September 15, 2010

The Ministry of Quiet

 My youngest son, Ryan, has always been known for his quiet attitude. While growing up he would study you with eyes that seemed to take in every detail. In fact, he seemed quite shy, and this caused some concern to his mother and me. How would he survive in a world of brusque actions and extended conversations?
2010 1531 page24Ryan studied diligently and made us proud of him. He was always known for his quiet demeanor in school. One of his teachers mentioned to me that Ryan was a truly great student; but more than that, the other kids respected him for his persistent quietness. Truth be told, we all appreciated his quiet attitude. He wasn’t vocal in class, but his test results affirmed what the teacher already knew. He had great recall. She also mentioned that since he didn’t say much in class, when he did have something to offer, everyone stopped and listened.
Ryan was my buddy when we traveled. Often just the two of us acted as an advanced party to vacation destinations, buying trips and visiting sorties. We often chatted as I drove along. From the back seat I would hear comments like, “There’s a stop sign ahead,” or “Turn your blinker on.” It was always quietly spoken. If I was not in tune with that small voice from over my shoulder, I might’ve missed them altogether.
We traveled thousands of miles together through Europe, England, and the United States. The two of us enjoyed the South Pacific’s unique art and history. I could always count on Ryan’s quiet encounters. Our connection on an emotional level was one most dads would envy. We laughed together, sometimes laughing so hard that tears coursed down our faces. We wept when parting and grieved when losing loved ones. There has always been an acknowledgment of that shared bond of love.
His Silent Ministry
My appreciation of Ryan’s gentle manner was brought home recently when I was recovering from a stroke. I had many visitors while in the hospital. Some tired me more than helped or encouraged me. I was frustrated, couldn’t think clearly at times, and didn’t visit easily with those who dropped by. My frustration mounted by the hour because of my inability to communicate in the way I wanted.

What Do You Think?

1. When have you been ministered to by someone or something that was barely audible? Tell about it briefly.

2. Most people, when they come to visit, feel obligated to say something, anything. Why do you think that is?

What is lost when people attempt to fill all the silence with noise?

In what settings do you most enjoy some sort of quiet time? Do you have to be alone, or can it be experienced in a group?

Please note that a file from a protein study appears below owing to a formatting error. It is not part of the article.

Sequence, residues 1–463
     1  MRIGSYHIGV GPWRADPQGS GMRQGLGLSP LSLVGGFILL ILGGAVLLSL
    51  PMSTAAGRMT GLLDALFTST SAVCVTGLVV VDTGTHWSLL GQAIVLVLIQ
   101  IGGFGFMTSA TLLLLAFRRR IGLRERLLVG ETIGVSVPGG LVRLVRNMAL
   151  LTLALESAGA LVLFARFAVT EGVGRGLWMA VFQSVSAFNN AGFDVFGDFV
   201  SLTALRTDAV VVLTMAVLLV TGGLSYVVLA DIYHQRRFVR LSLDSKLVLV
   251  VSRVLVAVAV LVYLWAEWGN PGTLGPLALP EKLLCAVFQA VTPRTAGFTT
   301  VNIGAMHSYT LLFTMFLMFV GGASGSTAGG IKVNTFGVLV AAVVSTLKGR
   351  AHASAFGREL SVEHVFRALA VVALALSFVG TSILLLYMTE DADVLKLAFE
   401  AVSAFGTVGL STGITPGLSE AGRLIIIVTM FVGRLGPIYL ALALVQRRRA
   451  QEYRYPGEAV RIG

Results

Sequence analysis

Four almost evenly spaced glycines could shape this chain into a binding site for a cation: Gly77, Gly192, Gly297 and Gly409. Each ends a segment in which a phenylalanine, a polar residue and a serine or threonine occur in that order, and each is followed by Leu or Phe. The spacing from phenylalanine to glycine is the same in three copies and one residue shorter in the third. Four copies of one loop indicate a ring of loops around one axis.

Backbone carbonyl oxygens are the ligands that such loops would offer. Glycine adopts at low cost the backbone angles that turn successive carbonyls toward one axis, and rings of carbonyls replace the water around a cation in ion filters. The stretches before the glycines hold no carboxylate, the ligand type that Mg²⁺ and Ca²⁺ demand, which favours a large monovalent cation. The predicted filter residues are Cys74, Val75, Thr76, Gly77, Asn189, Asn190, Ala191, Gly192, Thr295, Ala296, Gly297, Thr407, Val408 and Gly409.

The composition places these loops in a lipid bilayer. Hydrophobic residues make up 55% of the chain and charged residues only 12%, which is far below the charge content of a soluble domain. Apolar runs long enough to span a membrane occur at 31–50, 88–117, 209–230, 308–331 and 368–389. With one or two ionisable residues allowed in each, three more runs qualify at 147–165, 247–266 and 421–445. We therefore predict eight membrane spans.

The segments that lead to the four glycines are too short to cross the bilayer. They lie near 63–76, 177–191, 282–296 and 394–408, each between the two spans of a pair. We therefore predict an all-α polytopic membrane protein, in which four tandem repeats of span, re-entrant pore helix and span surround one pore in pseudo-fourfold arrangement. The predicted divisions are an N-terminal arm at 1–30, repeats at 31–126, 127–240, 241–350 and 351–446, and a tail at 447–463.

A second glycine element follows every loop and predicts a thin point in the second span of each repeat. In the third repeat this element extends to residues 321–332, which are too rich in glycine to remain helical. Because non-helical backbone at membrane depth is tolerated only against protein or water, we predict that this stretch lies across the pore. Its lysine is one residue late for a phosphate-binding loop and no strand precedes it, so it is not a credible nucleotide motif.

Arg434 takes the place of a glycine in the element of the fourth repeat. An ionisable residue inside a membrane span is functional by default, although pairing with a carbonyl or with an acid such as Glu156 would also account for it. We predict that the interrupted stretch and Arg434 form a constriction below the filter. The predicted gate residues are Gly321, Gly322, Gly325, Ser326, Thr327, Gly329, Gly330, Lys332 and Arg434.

Surgery was scheduled to clean out a carotid artery that was almost completely occluded. I was in a waiting pattern, a holding pen, a time of reflection about what was going to happen. The doctor happened to mention that about 3 percent of patients who go though this particular surgery don’t survive the procedure. The odds seemed to be in my favor. We all prayed for the best possible outcome.

During this time of undulating uncertainty and definite insecurity, Ryan appeared at my bedside. There was no fanfare, no boisterous laughter or simulated overconfidence; just quiet Ryan, my buddy. My family and friends had all been allowed to visit, which helped to bolster my flagging morale. Ryan’s company was unique. He sat in the hospital chair beside the bed without saying much of anything. After about 20 minutes he said he needed to leave. We had visited without using hardly any words. My spirit was wonderfully lifted and I was truly refreshed and ready for what was ahead.
As I’ve reflected on that visit, I wonder how my visits affect those I seek to encourage. Are my words shouting so loudly that people cannot hear me? Am I really there for the right reason? Have I truly encouraged and helped someone along the way to wellness and wholeness?
Visiting the sick and shut-in is a wonderful ministry. Those personal contacts bring hope and restoration to the soul, and a new determination for a brighter future. Sometimes, just sometimes, could it be that what we don’t say is the most important thing to bring solace to the soul?
There is, said the wise man, “a time to be silent and a time to speak” (Eccl. 3:7). May God give us the wisdom to know the difference.
Clair L. Johnson writes from Ceres, California. This article was published September 16, 2010.